Renovating the 100 year old farm house my mom grew up in – making it a place for us to grow old in.

Learning to cope and deal with setbacks during a renovation is, sometimes, easier said then done. The north wind picked up on Monday and our dog days of summer promptly ended and the-already-panic-stricken-part-of-me-that’s-been-freaking-out since April went into absolute over drive which, of course, accomplishes nothing but making sleep difficult. Setback, perhaps, is not quite the right term here as we have not exactly run into real setbacks, just time problems. My brother, my driving force for getting the garage and the plumbing done, has been bombarded with work in his home inspection business… which is totally awesome in every way! (I say through grit teeth and total and complete panic). I took yesterday off from work and just sat in the house and breathed for a little while. I haven’t been over there much during the day alone (at night after my day job all the time but not during the day when I need to be working to pay for all of this!) and there was something calming about it. I got the basement framing completely and finally finished and started sistering in some extra 2x4s across the roof to support the ones that look rough. It was quiet and lovely and it helped me breathe a little bit through the panic as I was able to work at my own pace without being rushed by anyone joining me, or yelling at me to hurry (as we are always out of time now). I was able to take my time and I let myself take my time, it was nice and it helped me remember that this is actually not a chore and certainly doesn’t need to be. This is work that I enjoy, it is in my blood, and being able to keep and make this house beautiful again is awesome. Easily forgotten in the “during-hell” when all I want to yell at the top of my lungs is, “Calm the f*ck down!”


In the end I came to realize that not only does this not need to feel like a chore I have no interest in this being a miserable experience for the next two months even if it does mean getting to live in it two weeks sooner. Seriously, two weeks is nothing in the scheme of our lives. I also do not work well at a run and have stumbled a couple of times as this is not something I have done very much of in the past and, when I rush like most people, I miss things and I screw up. I am going to breathe, take a little more time and do things better, there is one shot at this and no renovation needs to be a miserable or horrible experience. A labor, oh yes, but this is a labor of love for me and I have my grandpa in the back of my head telling me all the time, “Take your time. Measure twice – cut once.” I’m here right now, there is no reason not to get it right – whether it be where the windows go or what siding to choose. Right now is my chance to do it all right and I need to start rejoicing in the fact as I am only going to do this once as, when its over, it really is over and, at twenty eight years old, I’ll be moving into my forever home.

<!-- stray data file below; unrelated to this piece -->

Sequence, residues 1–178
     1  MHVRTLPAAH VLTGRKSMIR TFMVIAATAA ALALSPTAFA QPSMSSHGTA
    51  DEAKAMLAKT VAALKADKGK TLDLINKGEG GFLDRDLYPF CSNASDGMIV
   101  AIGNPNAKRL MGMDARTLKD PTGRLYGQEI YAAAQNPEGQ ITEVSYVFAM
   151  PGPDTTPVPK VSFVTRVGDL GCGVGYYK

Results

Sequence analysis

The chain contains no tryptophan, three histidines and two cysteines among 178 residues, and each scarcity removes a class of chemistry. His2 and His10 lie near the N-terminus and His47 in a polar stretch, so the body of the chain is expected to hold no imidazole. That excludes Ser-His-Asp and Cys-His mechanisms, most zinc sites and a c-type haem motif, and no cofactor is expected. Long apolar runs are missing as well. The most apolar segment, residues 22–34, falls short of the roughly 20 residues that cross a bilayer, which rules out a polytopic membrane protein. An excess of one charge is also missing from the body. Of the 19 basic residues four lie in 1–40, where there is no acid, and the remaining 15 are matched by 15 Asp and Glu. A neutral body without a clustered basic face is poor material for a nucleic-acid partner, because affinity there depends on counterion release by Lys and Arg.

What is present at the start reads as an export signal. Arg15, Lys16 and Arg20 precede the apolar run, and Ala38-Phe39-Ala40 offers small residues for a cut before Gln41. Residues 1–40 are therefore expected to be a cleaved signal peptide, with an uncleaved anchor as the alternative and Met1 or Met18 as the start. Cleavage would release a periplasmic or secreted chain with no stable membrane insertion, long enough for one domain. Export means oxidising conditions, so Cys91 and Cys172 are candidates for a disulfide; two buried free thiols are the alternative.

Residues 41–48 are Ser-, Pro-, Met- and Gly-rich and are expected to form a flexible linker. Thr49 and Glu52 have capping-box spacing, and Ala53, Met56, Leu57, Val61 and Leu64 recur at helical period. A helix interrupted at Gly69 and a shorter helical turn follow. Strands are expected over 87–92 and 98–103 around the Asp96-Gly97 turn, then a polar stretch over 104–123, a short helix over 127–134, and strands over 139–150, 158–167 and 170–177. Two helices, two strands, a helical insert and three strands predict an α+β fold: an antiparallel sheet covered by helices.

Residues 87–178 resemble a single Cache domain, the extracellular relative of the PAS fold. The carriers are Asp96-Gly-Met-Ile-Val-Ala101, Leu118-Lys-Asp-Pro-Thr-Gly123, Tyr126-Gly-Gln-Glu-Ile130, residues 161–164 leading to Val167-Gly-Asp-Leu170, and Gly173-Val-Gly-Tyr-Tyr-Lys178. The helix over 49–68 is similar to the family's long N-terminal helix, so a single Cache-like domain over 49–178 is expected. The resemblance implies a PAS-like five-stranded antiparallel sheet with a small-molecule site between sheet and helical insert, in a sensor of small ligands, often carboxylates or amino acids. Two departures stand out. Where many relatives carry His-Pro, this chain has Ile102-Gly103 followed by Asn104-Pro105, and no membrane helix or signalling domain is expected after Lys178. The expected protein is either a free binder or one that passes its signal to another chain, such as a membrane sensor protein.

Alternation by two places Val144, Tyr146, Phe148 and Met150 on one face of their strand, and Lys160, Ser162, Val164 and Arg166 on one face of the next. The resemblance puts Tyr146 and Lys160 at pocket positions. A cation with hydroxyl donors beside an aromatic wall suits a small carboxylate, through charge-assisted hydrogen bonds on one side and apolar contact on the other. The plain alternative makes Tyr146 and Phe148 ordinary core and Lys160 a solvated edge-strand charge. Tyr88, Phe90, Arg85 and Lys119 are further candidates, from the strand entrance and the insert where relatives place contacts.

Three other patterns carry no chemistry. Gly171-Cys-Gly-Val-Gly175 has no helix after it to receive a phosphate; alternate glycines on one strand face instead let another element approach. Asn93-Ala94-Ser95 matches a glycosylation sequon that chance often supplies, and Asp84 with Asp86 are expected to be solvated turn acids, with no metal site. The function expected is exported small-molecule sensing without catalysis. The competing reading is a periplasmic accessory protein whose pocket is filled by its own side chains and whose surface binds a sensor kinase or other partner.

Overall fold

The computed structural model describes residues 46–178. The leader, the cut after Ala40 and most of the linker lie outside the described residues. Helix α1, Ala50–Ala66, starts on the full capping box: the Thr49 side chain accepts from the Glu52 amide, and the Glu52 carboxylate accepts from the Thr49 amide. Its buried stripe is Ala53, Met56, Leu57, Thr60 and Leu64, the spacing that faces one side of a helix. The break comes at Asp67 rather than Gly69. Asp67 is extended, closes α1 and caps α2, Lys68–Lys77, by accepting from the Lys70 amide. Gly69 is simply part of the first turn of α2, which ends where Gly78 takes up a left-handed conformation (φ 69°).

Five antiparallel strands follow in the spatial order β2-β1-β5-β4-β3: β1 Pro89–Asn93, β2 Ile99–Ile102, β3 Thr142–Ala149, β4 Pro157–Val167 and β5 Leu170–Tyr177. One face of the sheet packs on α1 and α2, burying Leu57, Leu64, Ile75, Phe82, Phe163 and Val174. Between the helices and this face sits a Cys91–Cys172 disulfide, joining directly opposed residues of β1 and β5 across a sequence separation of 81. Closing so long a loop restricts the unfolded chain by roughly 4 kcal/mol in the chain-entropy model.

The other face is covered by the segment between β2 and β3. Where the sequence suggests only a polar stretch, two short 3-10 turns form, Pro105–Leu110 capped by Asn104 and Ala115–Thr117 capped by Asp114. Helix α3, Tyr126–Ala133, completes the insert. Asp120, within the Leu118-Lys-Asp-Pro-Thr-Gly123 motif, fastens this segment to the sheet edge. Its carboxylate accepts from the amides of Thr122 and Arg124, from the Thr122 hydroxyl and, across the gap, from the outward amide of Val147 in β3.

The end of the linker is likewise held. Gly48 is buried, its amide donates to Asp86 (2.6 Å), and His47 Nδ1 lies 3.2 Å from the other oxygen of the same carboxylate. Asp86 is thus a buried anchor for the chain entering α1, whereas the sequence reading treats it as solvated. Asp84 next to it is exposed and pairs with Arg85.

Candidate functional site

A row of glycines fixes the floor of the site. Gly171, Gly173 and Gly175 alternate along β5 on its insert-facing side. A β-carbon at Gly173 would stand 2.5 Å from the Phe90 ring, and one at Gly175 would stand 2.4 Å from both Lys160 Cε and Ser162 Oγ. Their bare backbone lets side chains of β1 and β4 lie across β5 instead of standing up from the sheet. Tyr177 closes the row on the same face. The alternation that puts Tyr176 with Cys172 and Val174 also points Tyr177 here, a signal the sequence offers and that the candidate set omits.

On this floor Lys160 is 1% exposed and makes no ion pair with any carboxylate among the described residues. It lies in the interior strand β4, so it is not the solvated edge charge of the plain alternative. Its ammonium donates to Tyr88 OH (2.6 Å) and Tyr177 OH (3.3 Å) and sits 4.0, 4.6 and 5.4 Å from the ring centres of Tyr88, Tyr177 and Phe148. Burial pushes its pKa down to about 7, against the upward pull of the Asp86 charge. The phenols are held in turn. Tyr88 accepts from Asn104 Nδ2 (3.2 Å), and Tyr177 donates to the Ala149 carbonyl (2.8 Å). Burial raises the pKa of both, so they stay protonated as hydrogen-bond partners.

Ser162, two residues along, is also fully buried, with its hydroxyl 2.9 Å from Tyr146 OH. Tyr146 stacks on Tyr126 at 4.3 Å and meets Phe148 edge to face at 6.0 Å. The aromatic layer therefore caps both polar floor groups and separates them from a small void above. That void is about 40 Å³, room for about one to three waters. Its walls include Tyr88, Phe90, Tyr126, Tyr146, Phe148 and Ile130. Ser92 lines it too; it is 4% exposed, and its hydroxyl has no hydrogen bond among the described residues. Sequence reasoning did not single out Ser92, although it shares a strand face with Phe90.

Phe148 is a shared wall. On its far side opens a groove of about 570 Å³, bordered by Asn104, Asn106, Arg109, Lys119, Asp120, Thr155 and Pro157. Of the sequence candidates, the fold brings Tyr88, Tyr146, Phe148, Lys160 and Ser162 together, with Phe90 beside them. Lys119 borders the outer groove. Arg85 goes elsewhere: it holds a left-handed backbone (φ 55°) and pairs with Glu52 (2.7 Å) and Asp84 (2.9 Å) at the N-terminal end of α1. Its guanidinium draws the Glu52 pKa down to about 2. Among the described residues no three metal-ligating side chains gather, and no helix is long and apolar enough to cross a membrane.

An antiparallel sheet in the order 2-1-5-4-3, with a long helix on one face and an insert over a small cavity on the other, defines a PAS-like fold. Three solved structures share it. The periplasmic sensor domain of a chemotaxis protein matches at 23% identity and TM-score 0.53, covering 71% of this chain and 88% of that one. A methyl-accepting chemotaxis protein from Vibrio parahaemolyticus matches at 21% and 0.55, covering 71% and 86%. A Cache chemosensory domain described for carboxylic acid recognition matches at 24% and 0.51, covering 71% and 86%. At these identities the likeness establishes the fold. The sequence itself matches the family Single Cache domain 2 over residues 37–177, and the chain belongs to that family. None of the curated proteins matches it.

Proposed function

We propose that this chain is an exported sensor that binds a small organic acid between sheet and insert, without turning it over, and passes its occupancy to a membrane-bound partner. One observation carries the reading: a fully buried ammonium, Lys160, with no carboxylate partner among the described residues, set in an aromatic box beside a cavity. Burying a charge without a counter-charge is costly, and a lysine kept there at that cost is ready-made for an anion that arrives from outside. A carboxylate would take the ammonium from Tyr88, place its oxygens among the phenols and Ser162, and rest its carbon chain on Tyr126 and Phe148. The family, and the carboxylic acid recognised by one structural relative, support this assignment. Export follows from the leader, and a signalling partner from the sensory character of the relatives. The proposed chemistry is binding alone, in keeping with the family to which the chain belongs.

Deep breaths, let the wind blow and blow and blow, it doesn’t matter how cold it gets, I can put on more clothes when I work on the house. It doesn’t matter how panic stricken the people around me become, that will not get the house done any faster and the more I screw up because I’m hurrying the more that needs to be redone and thus, will take longer to complete. I will say it again and, perhaps, I might even write it on the wall in the house, this will not be a miserable experience, I will take more time as I never get to do this again. And, I am almost done. I am about to start electrical and that is something to celebrate, I am literally days from completing the garage and starting plumbing as soon as my brother is able. We are close, no need to panic now, or ever, I will never be homeless and, this beautiful house, will be my home very soon.


Leave a Reply

Your email address will not be published. Required fields are marked *